Even today, there are many drugs that doctors prescribe whose mechanisms of action are either only partially understood or barely understood at all.  Many psychiatric drugs fit this description, for instance.  Pharmacologists have made hypotheses on how it is that tricyclic antidepressants seem to help both people with depression and people with neuropathic pain.  But a hypothesis is still just, well, a hypothesis.  And presumably, the designers of a deep learning system are also capable of making hypotheses regarding how the system reached its current state, even though those hypotheses may not be as well-informed as those made about tricyclic antidepressants.

As a society, we long ago decided that the mere fact that no one completely understands a drug does not mean that no one should use such drugs.  But we have managed the risks associated with potential new drugs by requiring that drugs be thoroughly tested and proven safe before they hit pharmacy shelves.  Indeed, aside from nuclear technology, pharmaceuticals may be the most heavily regulated technology in the world.

In the United States, many people (especially people in the pharmaceutical industry) criticize the long, laborious, and labyrinthine process that drugs must go through before they can be approved for use.  But that process allows us to be pretty confident that a drug is safe (or at least “safe enough”) when it finally does hit the market.  And that, in turn, means that we can live with having drugs whose workings are not well-understood, since we know that any hidden dangers would very likely have been exposed during the testing process.

What lessons might this hold for AI?  Well, most obviously, it suggests a need to ensure that AI systems are rigorously tested before they can be marketed to the public, at least if the AI system cannot “show its work” in a way that permits its decision-making process to be comprehensible to, at a minimum, the people who designed it.  I doubt that we’ll ever see a FDA-style uber-regulatory regime for AI systems.  The FDA model would neither be practical nor effective for such a complex digital technology.  But what we are likely to see is courts and legal systems rightly demanding that companies put deep learning systems through more extensive testing than has been typical for previous generations of digital technology.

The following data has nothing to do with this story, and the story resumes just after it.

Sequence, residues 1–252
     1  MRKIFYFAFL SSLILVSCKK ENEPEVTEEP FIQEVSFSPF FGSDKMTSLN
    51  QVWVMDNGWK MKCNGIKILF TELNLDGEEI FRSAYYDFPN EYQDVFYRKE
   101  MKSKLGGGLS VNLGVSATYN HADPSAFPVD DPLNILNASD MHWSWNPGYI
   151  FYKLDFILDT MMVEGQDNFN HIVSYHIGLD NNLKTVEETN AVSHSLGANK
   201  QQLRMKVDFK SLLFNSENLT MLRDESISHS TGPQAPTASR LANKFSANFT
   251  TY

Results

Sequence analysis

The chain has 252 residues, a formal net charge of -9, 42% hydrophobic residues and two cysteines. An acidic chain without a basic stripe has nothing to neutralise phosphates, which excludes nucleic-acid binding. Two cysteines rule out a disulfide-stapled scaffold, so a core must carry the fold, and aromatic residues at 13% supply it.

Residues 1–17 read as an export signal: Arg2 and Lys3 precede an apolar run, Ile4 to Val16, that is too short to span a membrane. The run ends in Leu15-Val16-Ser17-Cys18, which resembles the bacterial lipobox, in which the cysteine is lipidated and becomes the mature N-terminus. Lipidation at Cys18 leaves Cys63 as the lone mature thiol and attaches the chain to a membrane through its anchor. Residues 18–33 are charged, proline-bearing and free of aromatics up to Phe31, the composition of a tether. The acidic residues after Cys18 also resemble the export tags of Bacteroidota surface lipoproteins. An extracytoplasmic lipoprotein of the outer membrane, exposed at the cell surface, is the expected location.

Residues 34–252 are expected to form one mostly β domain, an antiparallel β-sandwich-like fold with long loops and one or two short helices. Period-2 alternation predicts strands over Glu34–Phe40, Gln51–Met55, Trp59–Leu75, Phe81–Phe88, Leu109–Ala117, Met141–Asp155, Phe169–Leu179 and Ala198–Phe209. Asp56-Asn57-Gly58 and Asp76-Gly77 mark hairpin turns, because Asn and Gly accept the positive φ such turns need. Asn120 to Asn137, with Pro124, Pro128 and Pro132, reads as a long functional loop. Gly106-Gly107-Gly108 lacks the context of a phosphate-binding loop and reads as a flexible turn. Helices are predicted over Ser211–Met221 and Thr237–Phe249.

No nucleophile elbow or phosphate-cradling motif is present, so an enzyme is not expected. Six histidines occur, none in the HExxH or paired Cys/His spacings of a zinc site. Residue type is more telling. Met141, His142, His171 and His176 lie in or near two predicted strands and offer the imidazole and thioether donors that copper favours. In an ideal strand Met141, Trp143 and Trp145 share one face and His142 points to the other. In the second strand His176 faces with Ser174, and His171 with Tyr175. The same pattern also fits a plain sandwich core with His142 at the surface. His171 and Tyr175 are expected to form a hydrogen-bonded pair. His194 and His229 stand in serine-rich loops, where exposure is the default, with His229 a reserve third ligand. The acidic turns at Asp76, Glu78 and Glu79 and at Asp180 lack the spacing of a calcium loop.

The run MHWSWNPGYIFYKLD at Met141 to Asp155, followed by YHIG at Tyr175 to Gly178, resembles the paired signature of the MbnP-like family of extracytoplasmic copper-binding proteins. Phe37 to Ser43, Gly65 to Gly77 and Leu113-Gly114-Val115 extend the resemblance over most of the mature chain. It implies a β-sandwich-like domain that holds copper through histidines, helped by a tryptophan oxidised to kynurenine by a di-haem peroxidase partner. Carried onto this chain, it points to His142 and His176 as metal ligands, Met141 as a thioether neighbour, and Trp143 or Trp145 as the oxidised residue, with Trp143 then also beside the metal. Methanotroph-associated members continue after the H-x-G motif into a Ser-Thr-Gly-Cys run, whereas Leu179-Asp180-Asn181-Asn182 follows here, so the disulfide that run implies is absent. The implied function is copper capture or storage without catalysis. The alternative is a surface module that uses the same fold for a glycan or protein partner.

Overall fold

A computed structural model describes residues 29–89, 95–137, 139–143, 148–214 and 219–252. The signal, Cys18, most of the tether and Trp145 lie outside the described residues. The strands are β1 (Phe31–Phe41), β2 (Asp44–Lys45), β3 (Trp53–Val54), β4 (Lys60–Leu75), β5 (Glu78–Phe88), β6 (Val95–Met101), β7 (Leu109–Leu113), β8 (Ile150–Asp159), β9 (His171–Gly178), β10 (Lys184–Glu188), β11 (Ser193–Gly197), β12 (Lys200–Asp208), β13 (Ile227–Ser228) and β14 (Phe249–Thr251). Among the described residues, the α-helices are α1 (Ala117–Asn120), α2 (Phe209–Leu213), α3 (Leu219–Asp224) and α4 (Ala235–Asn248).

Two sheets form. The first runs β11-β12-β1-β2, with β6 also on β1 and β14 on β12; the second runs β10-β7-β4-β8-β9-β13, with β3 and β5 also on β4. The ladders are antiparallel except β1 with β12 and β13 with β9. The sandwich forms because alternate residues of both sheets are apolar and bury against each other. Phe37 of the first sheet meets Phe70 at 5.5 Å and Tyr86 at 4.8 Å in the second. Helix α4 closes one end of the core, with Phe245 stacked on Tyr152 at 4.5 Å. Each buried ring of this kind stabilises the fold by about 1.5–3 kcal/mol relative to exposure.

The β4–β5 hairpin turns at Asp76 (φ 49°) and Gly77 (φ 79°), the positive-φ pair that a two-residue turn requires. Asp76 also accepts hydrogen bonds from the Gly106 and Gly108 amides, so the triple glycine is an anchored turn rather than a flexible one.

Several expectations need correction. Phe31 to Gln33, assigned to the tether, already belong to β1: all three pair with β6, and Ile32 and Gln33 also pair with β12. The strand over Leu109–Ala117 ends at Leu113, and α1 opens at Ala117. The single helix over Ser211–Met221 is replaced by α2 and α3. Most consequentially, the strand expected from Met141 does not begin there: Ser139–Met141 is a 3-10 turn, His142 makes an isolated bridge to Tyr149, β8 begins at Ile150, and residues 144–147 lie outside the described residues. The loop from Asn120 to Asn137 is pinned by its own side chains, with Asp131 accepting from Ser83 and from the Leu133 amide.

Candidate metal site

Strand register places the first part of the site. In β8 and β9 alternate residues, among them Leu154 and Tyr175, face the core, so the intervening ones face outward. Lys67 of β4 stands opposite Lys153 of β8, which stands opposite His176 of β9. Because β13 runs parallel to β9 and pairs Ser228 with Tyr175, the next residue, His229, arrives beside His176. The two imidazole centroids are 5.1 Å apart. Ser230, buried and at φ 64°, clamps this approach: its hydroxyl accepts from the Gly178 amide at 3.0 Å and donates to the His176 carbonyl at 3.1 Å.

Because such testing is likely to be lengthy and labor-intensive, the necessity of such testing would make it even more difficult for smaller companies to gain traction in the AI industry, further increasing the market power of giants like Google, Amazon, Facebook, Microsoft, and Apple.  That is, not coincidentally, exactly what has happened in the brand-name drug industry, which has seen market power increasingly concentrated in the hands of a small number of companies.  And as observers of that industry know, such concentration of market power carries risks of its own.  That may be the price we have to pay if we want to reap the benefits of technologies we do not fully understand.

This post originally appeared on Law and AI.

Note from FLI: Among our objectives is to inspire discussion and a sharing of ideas. As such, we post op-eds that we believe will help spur discussion within our community. Op-eds do not necessarily represent FLI’s opinions or views.